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Investing in Distressed Coal Assets

A New Trade on THIS Coal Stock

Written by Brian Hicks
Posted October 16, 2014

I’m a pretty conservative investor, always looking for a big upside while trying to limit downside risk. I guess this is why I find global deep-value plays so fascinating.

These stocks are trading way down from their highs and oftentimes below book or break-up value, prompting us to ask how much worse it could really get.

On the other hand, if you can find catalysts to unlock the value, or if the company becomes a buyout target, the upside gains can be extraordinary.

This is why I’ve been tracking Walter Coal (NYSE: WLT), as it is down 90.4% so far this year.

The Case for Coal

Walter Coal, known in the industry as Walt Coal, represents an industry that is both beaten down and ignored.

Coal provides 43% of both America’s and the world's electricity. It is not going away — though the current Environmental Protection Agency would probably like it to.

Walter Coal specializes in metallurgical coal that is primarily sold to steel mills and used in the integrated steel mill process. The company sells to high-growth steel markets in Asia, South America, and Europe and also produces thermal coal, anthracite, and metallurgical coke and coalbed methane gas.

It employs approximately 3,500 employees and contractors with operations in the United States, Canada, and the United Kingdom.

The company and industry face the challenges of oversupply, as well as concerns over global manufacturing and industrial growth, which has caused coal prices to drop to $115/ton.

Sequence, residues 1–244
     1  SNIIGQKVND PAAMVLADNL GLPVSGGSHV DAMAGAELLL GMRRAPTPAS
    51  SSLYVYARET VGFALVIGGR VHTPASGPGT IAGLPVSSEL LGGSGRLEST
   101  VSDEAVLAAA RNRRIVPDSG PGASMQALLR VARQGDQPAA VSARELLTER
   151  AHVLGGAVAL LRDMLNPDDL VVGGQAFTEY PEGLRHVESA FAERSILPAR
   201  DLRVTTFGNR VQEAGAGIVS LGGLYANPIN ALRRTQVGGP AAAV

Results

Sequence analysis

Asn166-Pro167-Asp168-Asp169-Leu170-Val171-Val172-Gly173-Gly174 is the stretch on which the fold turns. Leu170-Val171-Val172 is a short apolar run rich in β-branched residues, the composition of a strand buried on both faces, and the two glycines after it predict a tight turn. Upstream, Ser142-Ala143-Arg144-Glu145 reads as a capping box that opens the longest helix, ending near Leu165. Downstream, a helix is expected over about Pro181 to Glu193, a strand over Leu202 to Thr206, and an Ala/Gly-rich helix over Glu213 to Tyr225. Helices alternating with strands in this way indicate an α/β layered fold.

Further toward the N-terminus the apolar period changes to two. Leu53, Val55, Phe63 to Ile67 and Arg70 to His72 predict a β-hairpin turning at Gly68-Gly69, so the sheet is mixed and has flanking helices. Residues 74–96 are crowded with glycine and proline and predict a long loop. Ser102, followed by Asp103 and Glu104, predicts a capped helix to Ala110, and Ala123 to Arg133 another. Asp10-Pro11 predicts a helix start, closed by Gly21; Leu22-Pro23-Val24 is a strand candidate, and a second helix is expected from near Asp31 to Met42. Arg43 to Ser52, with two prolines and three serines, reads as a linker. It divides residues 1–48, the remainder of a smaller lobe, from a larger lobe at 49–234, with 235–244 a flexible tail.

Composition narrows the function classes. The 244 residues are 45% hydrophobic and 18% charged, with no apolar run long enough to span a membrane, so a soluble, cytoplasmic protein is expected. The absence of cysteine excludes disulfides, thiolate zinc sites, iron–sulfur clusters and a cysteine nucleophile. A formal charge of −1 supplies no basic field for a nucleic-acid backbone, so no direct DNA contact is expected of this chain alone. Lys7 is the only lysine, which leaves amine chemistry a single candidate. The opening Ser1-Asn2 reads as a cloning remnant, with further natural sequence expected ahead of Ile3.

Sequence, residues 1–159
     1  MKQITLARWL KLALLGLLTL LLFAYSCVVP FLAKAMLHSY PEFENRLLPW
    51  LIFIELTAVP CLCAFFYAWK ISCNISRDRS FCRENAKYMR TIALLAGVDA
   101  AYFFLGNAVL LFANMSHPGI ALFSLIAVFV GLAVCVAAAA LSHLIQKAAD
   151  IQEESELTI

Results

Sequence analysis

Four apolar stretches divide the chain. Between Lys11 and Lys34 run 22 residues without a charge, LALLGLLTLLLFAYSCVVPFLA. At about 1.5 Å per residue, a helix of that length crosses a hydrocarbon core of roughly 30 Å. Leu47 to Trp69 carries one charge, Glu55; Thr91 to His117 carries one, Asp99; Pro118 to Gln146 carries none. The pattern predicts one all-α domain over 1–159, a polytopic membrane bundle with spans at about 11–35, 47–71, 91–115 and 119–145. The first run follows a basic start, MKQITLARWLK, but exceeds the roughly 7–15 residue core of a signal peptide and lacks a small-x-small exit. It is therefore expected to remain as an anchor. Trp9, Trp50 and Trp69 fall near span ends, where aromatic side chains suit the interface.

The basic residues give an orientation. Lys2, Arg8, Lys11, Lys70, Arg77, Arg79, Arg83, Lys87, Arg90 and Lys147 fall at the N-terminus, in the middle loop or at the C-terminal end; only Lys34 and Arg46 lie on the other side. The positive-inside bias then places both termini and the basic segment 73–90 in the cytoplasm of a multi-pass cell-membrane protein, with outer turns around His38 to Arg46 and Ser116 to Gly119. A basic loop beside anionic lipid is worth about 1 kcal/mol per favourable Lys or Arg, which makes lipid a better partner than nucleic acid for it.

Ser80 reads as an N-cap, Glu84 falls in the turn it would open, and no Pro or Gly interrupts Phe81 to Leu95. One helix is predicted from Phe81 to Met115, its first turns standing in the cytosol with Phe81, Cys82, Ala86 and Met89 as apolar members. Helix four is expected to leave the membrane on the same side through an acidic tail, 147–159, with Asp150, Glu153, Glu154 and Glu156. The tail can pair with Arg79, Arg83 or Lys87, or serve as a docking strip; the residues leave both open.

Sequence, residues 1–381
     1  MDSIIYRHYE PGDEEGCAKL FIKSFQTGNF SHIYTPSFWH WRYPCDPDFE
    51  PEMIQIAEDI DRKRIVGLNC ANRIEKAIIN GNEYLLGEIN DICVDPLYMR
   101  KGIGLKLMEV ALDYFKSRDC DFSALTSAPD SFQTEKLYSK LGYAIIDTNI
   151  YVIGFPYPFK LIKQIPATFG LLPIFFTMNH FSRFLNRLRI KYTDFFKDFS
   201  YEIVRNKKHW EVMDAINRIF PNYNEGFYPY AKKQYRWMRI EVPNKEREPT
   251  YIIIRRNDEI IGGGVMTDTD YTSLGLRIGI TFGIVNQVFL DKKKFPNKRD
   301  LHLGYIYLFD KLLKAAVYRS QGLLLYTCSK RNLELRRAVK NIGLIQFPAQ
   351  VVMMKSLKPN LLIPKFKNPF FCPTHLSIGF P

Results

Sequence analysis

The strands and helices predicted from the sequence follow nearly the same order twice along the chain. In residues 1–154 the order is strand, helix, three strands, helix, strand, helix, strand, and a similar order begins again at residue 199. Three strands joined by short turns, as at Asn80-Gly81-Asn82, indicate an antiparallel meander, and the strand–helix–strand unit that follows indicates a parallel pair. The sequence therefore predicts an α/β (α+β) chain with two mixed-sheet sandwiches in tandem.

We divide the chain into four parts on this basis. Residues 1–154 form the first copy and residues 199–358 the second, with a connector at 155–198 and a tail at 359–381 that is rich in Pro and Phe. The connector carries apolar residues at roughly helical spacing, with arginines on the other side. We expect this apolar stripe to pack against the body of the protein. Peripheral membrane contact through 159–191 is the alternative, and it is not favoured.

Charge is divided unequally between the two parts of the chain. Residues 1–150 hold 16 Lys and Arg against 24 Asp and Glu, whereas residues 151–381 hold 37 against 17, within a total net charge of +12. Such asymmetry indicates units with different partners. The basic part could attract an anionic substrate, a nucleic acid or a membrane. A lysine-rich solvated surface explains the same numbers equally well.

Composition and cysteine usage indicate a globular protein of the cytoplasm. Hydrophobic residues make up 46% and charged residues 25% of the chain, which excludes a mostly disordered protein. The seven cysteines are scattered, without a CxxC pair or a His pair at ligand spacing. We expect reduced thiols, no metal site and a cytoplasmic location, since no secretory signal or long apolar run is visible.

The big issue is demand in Asia and Europe. In particular, any uptick in Chinese industrial activity and imports of coal will help Walter’s stock prospects enormously.

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The key question is this: Are we coming off a bottom of the coal cycle, and if we are, is the upside in WLT significant?

In addition, Inside Coal reports that Walter may be in talks about a potential sale of Western Coal assets, according to Bloomberg.

This is significant since proceeds could be used to reduce debt — a key concern of analysts. The company has recently refinanced some debt, and while this has lowered risk, it remains significant.

This is why I always try to have a 15% to 20% stop-loss in place. However, I think a more likely scenario would be the entry of an investor in “distressed assets,” such as Oaktree.

Shares of Walter Coal did temporarily bounce last week after it was reported that the coal company might be a takeover target of BHP Billiton or Rio Tinto.

Walter Coal is an aggressive trading recommendation with near-term prices closely tied to upcoming earnings and earnings outlook.

Until next time,

Carl Delfeld for Wealth Daily

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